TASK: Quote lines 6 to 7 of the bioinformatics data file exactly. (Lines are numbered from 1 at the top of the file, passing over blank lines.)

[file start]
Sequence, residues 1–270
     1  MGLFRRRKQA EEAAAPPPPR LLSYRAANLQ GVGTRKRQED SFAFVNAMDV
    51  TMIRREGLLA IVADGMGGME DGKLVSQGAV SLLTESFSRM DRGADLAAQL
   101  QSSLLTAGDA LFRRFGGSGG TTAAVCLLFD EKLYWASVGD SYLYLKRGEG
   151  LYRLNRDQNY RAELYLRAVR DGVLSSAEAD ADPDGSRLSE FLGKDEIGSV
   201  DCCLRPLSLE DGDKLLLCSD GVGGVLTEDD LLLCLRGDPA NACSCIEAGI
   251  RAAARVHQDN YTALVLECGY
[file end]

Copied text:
   201  DCCLRPLSLE DGDKLLLCSD GVGGVLTEDD LLLCLRGDPA NACSCIEAGI
   251  RAAARVHQDN YTALVLECGY